SOTEU: No, President von der Leyen, the European Union can enlarge only if it deepens first

The UEF calls on EU leaders to rapidly open the process for Treaty Change, the best investment for peace, sovereignty, and prosperity in Europe
Press Release

Just a few hours after the State of the European Union address by the President of the European Commission, a group of European parliamentarians led by Guy Verhofstadt, board member of the Spinelli Group, presented in a press conference a draft report calling for Treaty Change.

Although the text will need the approval of the European Parliament’s Institutional Affairs Committee (AFCO), the political consensus of the report makes it a great proposal to initiate a Convention that will draft the new European treaties.

During her SOTEU address, European Commission President Ursula von der Leyen endorsed the need for Treaty Change through a Convention. Yet, she failed to encourage the European Council to rise to the challenge. She also claimed that the enlargement of the Union to the Western Balkans and Ukraine should not wait for Treaty reform.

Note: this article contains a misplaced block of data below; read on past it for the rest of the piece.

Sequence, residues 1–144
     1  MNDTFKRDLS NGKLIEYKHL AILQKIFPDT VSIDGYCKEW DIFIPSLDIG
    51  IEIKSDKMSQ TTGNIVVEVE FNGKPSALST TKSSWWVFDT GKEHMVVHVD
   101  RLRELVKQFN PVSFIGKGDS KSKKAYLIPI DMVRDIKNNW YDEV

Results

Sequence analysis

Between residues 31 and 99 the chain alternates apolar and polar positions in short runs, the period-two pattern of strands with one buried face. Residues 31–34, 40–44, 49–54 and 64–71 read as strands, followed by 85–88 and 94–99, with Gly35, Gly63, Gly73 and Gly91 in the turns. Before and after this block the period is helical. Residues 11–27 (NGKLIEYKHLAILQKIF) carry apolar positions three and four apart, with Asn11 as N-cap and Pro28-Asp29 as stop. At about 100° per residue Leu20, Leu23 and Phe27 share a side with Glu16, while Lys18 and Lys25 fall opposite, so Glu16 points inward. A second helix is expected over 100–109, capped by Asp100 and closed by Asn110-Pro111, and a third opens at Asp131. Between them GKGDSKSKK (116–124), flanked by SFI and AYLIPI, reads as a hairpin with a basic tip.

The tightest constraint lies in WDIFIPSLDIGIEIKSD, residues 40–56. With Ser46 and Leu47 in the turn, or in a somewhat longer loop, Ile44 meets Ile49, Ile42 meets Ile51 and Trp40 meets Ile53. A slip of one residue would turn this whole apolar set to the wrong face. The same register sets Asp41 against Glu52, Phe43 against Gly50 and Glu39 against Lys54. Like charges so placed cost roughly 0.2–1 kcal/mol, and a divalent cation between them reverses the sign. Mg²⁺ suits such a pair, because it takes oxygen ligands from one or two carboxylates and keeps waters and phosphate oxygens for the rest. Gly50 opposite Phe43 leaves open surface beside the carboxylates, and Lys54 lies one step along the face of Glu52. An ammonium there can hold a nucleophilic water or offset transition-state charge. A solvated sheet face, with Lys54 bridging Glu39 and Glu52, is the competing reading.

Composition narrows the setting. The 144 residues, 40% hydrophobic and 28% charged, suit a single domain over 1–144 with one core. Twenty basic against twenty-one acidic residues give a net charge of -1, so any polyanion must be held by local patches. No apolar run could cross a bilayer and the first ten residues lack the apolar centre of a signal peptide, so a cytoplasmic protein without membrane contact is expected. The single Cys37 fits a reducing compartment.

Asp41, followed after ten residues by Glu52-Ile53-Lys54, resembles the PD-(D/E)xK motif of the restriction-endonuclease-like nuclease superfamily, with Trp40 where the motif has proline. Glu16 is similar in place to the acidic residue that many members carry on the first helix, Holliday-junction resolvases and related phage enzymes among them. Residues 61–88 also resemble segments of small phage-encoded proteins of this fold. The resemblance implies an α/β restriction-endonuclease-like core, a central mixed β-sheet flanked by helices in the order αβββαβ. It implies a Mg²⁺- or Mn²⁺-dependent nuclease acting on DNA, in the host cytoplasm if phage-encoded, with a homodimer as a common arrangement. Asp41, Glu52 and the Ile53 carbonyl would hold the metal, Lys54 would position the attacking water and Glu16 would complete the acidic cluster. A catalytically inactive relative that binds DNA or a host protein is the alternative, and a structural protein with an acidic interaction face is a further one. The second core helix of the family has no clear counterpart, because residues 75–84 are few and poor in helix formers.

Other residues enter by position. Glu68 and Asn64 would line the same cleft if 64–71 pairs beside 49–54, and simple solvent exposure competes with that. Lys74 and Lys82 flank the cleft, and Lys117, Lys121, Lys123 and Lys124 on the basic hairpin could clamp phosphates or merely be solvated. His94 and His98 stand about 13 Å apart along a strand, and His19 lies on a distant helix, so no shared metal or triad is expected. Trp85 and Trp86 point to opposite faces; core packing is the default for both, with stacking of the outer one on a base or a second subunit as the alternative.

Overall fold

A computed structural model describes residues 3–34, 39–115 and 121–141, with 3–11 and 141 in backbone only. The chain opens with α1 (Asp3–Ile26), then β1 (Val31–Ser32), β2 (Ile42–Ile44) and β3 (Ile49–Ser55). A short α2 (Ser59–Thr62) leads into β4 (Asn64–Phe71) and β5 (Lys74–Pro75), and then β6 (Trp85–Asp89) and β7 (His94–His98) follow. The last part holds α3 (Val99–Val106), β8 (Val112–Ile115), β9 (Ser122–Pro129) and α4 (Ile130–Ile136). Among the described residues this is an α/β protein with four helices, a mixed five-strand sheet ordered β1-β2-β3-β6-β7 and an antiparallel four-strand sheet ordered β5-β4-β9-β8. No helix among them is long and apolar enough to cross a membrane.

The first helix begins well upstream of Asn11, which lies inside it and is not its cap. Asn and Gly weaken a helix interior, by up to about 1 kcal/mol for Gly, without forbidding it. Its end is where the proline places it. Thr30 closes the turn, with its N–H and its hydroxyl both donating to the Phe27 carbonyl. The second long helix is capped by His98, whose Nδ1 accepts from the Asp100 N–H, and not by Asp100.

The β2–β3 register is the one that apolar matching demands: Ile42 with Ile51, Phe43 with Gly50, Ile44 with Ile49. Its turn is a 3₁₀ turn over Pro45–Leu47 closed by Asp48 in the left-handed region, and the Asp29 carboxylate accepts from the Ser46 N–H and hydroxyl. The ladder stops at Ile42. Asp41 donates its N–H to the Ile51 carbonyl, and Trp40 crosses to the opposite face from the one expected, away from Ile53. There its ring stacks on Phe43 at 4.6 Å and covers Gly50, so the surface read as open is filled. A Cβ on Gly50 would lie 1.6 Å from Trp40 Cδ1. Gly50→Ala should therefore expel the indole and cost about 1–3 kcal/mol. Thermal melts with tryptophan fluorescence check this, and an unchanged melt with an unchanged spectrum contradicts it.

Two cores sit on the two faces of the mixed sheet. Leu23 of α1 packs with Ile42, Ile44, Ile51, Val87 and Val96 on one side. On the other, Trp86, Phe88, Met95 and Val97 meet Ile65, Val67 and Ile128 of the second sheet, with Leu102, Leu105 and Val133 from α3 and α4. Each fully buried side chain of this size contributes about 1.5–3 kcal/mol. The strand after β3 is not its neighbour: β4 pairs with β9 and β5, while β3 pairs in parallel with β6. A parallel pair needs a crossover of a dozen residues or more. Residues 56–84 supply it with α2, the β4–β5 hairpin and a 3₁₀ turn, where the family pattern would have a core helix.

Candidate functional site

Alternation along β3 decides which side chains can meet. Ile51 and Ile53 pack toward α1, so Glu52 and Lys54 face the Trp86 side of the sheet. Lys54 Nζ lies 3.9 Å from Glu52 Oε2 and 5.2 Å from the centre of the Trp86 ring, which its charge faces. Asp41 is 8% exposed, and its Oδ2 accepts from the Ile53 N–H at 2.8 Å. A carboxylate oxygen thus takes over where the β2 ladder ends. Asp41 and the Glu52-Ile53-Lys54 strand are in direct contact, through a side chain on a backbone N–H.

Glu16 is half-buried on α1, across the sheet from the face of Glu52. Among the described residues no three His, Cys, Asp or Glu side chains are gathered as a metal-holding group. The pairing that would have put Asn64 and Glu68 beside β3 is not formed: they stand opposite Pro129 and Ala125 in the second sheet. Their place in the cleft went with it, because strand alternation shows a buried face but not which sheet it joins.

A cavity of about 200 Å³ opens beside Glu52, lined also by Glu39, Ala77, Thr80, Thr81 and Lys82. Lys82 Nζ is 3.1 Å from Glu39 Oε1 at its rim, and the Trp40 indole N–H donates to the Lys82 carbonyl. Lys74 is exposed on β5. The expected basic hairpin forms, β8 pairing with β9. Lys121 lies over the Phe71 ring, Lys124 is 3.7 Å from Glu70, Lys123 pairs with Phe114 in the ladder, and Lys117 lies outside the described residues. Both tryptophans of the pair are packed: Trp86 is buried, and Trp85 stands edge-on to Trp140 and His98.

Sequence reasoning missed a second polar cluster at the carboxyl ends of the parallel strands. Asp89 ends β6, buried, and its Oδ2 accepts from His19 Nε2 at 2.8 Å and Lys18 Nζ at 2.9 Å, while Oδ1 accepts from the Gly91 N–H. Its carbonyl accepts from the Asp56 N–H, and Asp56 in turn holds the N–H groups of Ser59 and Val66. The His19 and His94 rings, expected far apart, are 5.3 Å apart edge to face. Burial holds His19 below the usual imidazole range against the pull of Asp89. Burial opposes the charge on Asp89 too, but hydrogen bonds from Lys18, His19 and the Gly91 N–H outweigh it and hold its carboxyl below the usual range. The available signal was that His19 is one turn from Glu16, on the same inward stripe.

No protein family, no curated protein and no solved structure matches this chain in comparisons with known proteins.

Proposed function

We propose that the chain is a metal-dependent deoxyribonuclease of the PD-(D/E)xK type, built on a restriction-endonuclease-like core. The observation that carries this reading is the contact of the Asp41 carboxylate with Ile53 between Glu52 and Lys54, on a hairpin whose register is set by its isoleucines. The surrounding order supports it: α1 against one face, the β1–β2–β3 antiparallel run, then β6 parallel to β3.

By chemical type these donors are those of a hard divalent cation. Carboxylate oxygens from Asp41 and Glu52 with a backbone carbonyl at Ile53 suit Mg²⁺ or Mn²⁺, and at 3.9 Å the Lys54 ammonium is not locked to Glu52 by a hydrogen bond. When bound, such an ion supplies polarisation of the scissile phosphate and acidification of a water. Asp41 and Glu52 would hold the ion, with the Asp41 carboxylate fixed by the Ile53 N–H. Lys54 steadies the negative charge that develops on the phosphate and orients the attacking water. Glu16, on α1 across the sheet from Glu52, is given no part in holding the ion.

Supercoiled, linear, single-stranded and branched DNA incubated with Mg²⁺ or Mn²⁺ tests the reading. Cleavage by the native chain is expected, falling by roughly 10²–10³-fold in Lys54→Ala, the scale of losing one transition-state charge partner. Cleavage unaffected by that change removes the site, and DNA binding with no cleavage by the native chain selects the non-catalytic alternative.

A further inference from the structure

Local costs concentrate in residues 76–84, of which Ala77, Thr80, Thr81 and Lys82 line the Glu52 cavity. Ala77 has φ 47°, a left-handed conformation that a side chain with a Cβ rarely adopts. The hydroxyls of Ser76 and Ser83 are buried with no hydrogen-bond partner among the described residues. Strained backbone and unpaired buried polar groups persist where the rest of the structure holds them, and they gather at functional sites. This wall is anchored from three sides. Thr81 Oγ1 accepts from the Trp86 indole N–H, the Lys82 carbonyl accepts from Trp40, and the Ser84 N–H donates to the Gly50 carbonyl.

The Federalists disagree with this approach. We believe that enlargement calls for deep institutional reforms. The European Union cannot work with more than 30 members with the institutions it has today.

In a live stream organised by the UEF on Wednesday, Domènec Ruiz Devesa MEP, President of the UEF, said "There is a double message from Ursula von der Leyen. On one hand enlargement and deepening go hand in hand, and on the other she puts conditions on deepening—for us federalists, there can be no ‘if’.”

Every year, the President of the European Commission gives the State of the European Union (SOTEU) address, where she underlines the upcoming priorities for the European executive. This year’s SOTEU, on Wednesday 13 September, was the last one before the European elections of 2024.
Later that day, a group of Members of the European Parliament led by Guy Verhofstadt presented a draft report calling for Treaty Change. This report will be put to a vote at the European Parliament’s Institutional Committee in September, then to the Plenary in November 2023.

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Alexandre Météreau
Policy and Communications officer